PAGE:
The Check Engine light, which is officially called the "Malfunction Indicator Lamp" (MIL) alerts you when your vehicle's OBD II system has detected a potential emissions problem. Depending on the nature of the problem, the Check Engine lamp may come on and go off, remain on continuously or flash. Of course, none of this gives you any clue whatsoever as to what might be going on.
Some people panic when they see the light, fearing their engine is experiencing some kind of major problem. But fear not, because in most instances, the problem is usually minor and is nothing that requires your immediate attention
Here's how the Check Engine Light works. When the OBD II system detects any fault that may cause an increase in emissions, it sets a "pending code" in the computer's memory. The Check Engine Light doesn't come on yet because the system needs to make sure the problem is real and not a temporary glitch. If the same problem occurs on a second trip (under the same driving conditions), the OBD II system will then set a diagnostic trouble code (DTC) and turn on the Check Engine Light.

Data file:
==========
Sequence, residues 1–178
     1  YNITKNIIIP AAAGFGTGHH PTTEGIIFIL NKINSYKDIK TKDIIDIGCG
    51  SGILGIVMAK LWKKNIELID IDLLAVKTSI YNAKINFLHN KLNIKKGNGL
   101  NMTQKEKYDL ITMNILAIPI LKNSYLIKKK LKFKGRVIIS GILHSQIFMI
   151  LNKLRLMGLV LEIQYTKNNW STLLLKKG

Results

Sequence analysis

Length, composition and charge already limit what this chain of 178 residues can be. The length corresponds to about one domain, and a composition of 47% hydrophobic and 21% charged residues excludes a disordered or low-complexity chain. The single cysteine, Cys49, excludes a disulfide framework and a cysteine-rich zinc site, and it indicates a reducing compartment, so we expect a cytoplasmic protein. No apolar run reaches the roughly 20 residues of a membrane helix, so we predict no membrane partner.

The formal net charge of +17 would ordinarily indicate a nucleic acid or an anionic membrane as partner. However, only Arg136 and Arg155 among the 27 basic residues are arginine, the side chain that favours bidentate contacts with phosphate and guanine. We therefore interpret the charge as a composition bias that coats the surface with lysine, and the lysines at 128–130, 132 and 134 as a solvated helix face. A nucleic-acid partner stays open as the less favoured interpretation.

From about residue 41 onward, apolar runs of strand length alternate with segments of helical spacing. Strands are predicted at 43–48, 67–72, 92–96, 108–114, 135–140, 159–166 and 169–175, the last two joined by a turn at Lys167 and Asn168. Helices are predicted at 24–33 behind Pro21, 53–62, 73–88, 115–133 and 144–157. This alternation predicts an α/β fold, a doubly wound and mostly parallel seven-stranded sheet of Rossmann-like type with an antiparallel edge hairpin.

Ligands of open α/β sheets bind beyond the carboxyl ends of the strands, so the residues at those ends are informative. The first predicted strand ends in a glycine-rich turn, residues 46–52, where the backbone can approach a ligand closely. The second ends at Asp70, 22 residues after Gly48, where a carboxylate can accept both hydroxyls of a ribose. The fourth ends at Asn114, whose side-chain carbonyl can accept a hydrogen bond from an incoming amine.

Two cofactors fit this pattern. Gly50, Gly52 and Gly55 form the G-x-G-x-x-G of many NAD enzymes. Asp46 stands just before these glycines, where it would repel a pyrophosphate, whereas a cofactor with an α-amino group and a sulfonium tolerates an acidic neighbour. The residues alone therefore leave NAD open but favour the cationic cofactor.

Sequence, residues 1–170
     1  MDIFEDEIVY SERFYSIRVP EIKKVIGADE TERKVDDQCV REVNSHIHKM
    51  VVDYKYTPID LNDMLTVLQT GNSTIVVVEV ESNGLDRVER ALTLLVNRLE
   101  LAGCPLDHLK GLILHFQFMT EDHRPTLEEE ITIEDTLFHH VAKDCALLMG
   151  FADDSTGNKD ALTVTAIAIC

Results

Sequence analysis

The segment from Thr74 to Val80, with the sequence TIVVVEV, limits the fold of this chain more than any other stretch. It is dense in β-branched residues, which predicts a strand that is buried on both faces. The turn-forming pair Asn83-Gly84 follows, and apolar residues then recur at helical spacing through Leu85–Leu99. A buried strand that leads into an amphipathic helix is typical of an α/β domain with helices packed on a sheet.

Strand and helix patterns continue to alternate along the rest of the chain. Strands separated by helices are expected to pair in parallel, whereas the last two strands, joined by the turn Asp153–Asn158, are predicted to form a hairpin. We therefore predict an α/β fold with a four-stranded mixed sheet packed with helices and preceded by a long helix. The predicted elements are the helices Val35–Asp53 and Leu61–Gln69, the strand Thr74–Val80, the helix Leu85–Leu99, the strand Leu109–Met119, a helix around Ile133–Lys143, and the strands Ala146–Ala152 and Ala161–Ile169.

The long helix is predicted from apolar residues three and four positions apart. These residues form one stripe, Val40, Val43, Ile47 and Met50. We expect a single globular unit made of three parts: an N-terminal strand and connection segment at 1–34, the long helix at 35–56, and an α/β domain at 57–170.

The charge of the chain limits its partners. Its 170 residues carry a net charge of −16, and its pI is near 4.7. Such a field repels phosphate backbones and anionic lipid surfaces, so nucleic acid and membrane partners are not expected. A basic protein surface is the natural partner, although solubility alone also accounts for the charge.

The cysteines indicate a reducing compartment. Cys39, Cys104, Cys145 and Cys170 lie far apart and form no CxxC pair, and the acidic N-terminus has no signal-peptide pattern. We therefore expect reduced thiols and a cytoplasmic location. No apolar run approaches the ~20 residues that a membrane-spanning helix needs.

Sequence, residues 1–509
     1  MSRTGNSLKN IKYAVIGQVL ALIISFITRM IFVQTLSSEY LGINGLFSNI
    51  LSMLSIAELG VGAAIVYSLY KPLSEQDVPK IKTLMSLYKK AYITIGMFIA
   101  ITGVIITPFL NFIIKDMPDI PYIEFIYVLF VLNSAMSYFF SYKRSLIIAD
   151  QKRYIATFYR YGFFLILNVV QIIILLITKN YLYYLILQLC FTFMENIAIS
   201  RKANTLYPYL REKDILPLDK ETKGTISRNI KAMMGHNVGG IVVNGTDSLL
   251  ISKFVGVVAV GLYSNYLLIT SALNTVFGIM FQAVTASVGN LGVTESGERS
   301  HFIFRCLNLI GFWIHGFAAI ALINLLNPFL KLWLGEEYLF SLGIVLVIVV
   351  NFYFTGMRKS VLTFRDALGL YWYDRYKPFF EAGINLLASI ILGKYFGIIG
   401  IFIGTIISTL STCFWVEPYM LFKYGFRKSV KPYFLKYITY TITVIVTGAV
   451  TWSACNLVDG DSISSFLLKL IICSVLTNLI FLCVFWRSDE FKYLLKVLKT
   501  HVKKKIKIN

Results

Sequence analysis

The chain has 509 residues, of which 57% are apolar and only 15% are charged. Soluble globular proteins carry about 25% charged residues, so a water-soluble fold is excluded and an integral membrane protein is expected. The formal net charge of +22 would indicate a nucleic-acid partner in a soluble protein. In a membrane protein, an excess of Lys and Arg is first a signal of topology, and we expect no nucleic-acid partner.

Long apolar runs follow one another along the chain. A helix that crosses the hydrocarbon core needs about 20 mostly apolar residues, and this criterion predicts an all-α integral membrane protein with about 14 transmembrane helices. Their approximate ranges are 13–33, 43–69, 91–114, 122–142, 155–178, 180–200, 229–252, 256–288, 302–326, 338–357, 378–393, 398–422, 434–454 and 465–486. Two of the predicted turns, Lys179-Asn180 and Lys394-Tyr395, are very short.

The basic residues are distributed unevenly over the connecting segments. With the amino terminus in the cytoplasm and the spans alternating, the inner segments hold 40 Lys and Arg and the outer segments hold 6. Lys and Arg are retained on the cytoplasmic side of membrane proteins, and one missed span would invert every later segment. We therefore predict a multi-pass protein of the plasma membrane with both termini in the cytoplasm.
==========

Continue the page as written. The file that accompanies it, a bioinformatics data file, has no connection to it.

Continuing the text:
WHAT TO DO IF YOUR CHECK ENGINE LIGHT IS ON
If no other warning lights are on (temp, oil pressure, charging, etc.), AND your vehicle is driving normally (no unusual sounds, smells, vibrations, loss of power or other signs of trouble), you don't have to do anything immediately. But you need to find out why the light came on when it is convenient to do so.
USE A SCANNER TOOL
the only way to know why your Check Engine light is on is to connect a scan tool or code reader to the 16-pin OBD II diagnostic connector under the instrument panel and read out the code. If you do not have a code reader or scan tool to do this yourself, you can take your car to an auto parts store for diagnosis.